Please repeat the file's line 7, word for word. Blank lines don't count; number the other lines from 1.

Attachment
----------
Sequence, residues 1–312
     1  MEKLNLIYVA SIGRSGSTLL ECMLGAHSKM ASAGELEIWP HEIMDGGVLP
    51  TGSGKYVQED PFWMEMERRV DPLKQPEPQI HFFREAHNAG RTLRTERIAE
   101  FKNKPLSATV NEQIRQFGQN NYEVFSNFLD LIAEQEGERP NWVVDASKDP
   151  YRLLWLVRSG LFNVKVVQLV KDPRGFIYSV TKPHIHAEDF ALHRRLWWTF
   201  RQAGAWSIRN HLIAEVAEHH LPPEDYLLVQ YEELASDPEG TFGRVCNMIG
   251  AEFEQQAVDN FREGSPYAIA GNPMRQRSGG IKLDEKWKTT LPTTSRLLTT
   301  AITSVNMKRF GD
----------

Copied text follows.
   251  AEFEQQAVDN FREGSPYAIA GNPMRQRSGG IKLDEKWKTT LPTTSRLLTT